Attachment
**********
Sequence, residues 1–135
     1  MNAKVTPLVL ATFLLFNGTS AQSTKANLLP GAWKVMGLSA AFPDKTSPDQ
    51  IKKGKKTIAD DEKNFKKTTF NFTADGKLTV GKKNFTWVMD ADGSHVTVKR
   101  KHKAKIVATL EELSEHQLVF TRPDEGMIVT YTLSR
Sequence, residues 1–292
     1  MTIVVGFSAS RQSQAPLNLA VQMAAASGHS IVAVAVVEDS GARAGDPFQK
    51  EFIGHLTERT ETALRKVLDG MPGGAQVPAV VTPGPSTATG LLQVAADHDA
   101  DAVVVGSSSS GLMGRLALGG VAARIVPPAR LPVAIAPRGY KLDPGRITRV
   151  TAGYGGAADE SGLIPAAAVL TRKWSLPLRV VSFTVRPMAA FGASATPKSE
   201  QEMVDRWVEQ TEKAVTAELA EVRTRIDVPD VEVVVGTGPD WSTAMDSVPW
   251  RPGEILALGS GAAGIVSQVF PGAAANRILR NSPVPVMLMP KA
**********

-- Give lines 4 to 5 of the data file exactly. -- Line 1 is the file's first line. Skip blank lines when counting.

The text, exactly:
   101  KHKAKIVATL EELSEHQLVF TRPDEGMIVT YTLSR
Sequence, residues 1–292